Winston Churchill had a lot of leadership aces up his sleeve but the one that I’ve always admired is his insistence on finding and nourishing “corkscrew thinkers” – “people with the ability to break away from the traditional linear way of thinking”. During WW2, Churchill believed that neither side would win the war without these individuals because everyone was thinking in the same way: the enemy’s next move would always be predictable. His focus on “corkscrew thinkers” led to the creation of some interesting teams who gave him vital advantage like the cracking of the enigma code. War was the stimuli then, but I guess the idea is relevant just as much in business today – what we need are individuals who are able to look at problems in the world and see innovative solutions, individuals who are tangential and yet context-aligned, individuals who are transformation catalysts; for these individuals are the ones who change the game!

I hope you count yourself as one. Do you?

The ‘MPT’ Rule of Communication

Speech-Bubble-PNG-Image.pngI was at an FT125 conference earlier this week where I had a fascinating discussion with the CEO of a medium-sized cosmetics brand company. I told him about my background in Communications and was surprised to hear that he too started his career in a somewhat similar role. “So how has the meaning of the word changed for you now?”, I asked him. “A lot”, he said, “what I value most in communication today is brevity. Today – whether it’s an email, a call, or a meeting – I insist that the writer/presenter tell me in the first sentence what he/she would have told me in the last sentence. That simple rule helps remind everyone what is the most important point of the conversation!”. Brilliant; reminded me of Donald Coduto’s famous MPT rule, “The most important thing (MPT) is to keep the most important thing the most important thing” … Would you agree?

The world’s most interesting visiting card!

I had a very interesting experience while exchanging cards with a fascinating Silicon Valley entrepreneur at the Singularity University’s Global Conference in SFO last year. Let’s call him Mr. M for the sake of preserving his privacy. Instead of the traditional visiting card, he had a blank sheet, the same size as a visiting card, but blank. After we had finished our chat. I gave him my card and he flashed out this blank sheet, wrote his name and on it and scribbled a small note beneath it that said “the guy who runs a mobile platform startup in San Jose that you could explore for building your Marketing Department’s data dashboard”…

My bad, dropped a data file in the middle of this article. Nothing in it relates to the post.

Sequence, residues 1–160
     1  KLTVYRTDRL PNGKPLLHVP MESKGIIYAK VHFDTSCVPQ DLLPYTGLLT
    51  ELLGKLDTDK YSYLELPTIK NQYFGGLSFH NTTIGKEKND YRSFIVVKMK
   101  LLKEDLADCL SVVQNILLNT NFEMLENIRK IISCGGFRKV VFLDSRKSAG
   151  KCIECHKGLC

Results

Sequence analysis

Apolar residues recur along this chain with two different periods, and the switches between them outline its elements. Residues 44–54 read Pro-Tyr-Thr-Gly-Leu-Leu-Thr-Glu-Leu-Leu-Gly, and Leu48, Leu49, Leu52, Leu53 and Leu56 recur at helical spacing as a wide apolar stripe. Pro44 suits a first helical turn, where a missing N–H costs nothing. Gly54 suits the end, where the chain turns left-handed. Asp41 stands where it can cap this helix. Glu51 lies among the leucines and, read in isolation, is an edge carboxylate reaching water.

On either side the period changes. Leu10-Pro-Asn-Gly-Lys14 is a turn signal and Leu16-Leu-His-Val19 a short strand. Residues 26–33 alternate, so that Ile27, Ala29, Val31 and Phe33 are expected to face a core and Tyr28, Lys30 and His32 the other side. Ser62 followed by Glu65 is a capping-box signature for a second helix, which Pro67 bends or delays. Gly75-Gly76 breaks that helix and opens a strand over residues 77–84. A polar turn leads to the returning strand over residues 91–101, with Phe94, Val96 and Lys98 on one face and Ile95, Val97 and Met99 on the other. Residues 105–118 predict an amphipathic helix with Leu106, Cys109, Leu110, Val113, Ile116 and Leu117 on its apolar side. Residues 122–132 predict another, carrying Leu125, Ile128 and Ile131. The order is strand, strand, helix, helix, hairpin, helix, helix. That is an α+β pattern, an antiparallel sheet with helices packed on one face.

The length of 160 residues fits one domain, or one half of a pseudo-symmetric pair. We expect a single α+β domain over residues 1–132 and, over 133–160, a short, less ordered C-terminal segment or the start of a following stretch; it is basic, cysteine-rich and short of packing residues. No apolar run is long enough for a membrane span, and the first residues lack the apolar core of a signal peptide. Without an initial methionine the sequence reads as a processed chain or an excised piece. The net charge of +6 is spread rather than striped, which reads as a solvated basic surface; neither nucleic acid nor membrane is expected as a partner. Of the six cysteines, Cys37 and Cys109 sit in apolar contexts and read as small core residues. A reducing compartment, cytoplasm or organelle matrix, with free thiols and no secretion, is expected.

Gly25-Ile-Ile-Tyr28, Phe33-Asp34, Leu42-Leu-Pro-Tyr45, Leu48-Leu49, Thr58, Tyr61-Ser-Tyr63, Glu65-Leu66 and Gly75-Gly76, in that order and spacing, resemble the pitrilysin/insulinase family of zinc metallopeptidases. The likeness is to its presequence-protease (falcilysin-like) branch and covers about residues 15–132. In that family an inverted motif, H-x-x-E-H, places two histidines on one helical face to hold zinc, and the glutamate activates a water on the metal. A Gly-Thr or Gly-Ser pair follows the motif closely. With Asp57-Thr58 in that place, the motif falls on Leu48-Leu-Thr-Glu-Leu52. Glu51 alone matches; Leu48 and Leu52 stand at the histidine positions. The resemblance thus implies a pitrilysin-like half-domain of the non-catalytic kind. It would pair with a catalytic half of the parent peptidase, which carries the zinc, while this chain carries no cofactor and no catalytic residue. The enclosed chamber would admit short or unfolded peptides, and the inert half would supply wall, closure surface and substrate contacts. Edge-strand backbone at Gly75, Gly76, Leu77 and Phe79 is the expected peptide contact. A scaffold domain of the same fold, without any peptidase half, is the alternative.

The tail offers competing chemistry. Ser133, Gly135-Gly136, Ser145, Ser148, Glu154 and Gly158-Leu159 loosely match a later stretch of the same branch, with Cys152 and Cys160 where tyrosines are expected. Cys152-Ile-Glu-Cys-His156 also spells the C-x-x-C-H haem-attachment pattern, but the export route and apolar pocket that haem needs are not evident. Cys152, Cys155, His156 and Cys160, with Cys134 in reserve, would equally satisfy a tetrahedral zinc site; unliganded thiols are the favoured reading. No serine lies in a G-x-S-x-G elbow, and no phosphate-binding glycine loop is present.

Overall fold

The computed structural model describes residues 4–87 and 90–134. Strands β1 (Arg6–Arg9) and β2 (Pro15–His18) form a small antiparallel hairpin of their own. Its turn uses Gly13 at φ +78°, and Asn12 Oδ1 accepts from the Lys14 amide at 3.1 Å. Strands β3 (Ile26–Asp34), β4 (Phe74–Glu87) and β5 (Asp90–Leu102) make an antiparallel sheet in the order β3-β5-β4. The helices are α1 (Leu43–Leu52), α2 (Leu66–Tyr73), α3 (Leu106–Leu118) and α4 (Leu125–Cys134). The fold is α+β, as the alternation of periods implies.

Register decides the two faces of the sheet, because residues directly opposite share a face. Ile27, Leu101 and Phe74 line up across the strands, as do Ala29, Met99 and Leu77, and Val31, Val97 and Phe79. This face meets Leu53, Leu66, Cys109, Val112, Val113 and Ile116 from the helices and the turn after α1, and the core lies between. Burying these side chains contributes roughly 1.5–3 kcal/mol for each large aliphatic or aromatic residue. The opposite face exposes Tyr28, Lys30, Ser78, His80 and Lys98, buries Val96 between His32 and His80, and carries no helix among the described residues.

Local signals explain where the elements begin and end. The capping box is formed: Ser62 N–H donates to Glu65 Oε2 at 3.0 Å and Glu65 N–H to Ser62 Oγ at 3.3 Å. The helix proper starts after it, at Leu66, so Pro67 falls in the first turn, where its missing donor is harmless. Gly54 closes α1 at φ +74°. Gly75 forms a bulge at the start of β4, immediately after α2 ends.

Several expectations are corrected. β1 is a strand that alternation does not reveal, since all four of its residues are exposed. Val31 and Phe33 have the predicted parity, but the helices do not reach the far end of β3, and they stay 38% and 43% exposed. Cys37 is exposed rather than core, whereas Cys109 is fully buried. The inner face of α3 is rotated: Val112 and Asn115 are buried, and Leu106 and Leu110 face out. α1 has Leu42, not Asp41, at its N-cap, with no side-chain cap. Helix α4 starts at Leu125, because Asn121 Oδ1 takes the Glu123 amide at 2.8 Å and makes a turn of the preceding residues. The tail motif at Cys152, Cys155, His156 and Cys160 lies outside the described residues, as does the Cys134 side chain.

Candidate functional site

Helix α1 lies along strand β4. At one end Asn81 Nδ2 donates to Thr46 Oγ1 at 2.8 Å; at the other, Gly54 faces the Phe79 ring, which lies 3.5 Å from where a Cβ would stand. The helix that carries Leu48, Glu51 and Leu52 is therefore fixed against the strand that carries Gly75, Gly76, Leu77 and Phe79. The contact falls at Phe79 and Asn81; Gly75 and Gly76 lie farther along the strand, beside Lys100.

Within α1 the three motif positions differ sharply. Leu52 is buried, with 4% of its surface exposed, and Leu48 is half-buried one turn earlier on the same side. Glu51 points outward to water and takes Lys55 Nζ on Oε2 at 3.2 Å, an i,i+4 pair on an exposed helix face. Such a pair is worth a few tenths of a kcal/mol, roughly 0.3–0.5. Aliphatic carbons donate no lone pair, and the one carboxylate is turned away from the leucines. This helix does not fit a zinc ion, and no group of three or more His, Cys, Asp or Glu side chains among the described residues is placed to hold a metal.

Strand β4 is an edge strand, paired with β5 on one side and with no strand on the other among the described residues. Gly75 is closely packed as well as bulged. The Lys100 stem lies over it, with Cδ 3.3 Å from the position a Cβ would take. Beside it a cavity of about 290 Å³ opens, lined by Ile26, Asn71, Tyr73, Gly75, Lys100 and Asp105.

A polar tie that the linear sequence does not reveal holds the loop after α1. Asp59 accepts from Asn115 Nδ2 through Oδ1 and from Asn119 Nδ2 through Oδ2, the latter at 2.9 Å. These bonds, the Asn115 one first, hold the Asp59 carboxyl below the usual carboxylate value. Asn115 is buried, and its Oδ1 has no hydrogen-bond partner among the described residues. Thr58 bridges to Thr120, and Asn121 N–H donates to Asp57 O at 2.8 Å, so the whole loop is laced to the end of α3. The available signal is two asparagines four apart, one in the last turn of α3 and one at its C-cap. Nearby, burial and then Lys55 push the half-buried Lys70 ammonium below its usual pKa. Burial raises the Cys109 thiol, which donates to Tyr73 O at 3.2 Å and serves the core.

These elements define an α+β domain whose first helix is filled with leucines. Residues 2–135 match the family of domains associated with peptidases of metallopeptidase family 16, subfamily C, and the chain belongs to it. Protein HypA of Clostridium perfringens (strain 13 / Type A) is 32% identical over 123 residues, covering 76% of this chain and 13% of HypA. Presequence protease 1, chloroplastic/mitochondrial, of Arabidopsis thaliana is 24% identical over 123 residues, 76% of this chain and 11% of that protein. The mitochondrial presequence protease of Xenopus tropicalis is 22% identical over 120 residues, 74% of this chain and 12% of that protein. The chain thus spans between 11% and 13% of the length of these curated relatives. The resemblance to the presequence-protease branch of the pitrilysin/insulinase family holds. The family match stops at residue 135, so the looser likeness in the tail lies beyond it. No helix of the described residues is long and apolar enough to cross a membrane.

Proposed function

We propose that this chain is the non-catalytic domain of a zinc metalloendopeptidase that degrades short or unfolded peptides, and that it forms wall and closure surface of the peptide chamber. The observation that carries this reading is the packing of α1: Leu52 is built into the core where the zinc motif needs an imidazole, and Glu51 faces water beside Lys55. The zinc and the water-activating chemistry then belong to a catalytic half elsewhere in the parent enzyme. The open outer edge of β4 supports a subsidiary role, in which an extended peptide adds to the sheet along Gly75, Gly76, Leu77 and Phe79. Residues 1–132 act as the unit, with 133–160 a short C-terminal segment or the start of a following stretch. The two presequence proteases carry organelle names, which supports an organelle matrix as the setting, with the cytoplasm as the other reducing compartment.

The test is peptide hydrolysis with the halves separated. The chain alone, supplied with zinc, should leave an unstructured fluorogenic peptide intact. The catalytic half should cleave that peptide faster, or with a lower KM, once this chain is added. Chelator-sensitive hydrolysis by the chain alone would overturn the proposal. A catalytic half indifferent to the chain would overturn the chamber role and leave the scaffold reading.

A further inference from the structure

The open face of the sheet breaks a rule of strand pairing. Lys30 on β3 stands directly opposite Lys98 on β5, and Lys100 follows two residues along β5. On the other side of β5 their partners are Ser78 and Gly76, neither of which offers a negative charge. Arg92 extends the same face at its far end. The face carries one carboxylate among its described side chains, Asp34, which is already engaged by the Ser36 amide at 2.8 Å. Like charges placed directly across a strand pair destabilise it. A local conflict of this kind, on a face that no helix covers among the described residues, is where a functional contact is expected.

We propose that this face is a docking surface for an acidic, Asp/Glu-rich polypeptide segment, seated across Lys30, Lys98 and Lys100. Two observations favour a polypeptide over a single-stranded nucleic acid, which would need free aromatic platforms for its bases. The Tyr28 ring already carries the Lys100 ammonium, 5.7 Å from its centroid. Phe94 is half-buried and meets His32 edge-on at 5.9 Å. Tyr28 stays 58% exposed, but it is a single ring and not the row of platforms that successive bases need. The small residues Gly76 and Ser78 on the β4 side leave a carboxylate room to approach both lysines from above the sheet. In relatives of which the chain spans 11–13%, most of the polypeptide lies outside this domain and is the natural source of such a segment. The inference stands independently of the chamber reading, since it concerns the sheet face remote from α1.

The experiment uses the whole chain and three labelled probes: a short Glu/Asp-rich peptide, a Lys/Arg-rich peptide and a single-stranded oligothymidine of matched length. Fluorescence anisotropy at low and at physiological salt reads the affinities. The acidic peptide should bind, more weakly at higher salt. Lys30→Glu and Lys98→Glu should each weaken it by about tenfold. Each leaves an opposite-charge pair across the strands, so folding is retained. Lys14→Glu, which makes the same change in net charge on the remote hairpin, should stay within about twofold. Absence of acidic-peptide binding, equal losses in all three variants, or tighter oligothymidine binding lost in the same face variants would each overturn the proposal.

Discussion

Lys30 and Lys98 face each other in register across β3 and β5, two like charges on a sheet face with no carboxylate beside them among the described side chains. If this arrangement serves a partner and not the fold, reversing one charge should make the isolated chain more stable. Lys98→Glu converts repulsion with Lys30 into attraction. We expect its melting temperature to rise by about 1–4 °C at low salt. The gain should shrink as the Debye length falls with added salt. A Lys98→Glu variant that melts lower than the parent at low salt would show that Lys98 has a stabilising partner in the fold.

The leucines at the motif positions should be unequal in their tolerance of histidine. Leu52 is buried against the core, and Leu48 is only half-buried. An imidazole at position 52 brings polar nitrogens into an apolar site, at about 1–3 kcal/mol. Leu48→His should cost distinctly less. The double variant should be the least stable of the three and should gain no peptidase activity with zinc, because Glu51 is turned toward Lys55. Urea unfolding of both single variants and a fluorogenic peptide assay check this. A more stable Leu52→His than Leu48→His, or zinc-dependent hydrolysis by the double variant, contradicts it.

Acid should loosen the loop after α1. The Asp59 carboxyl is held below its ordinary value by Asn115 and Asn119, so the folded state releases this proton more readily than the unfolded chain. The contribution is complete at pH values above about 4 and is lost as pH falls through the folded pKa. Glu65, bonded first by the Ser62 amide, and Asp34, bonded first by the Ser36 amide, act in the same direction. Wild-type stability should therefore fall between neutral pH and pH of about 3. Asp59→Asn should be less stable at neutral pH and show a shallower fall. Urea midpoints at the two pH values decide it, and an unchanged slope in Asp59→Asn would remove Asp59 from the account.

Visiting card
Representative (not actual) picture!

I was mind-blown by his ingenuity! By replacing the cold visiting card with that creative piece of paper, he had done three excellent things in one stroke – personalized our connection, gave our meeting an intimate touch and put an action-item for me to think about!

In the distracted economy where every moment is a fight to gain people’s attention, it’s but natural that we should all be thinking like Mr. M and get out of the comfort zone of conventional templates!

 

A super successful CEO was inspired by this children’s book…

A few days back I was reading a compilation on what some super successful CEO’s consider the best advice they had received. One of them cited a children’s book called ‘The Little Engine that could’ as his golden gospel. Turns out the story is very short and very powerful; a trainmust read for everyone:

A little railroad engine was employed about a station yard for such work as it was built for, pulling a few cars on and off the switches. One morning it was waiting for the next call when a long train of freight-cars asked a large engine in the roundhouse to take it over the hill. “I can’t; that is too much a pull for me”, said the great engine built for hard work. Then the train asked another engine, and another, only to hear excuses and be refused. In desperation, the train asked the little switch engine to draw it up the grade and down on the other side. “I think I can”, puffed the little locomotive, and put itself in front of the great heavy train. As it went on the little engine kept bravely puffing faster and faster, “I think I can, I think I can, I think I can.”

 As it neared the top of the grade, which had so discouraged the larger engines, it went more slowly. However, it still kept saying, “I—think—I—can, I—think—I—can.” It reached the top by drawing on bravery and then went on down the grade, congratulating itself by saying, “I thought I could, I thought I could.”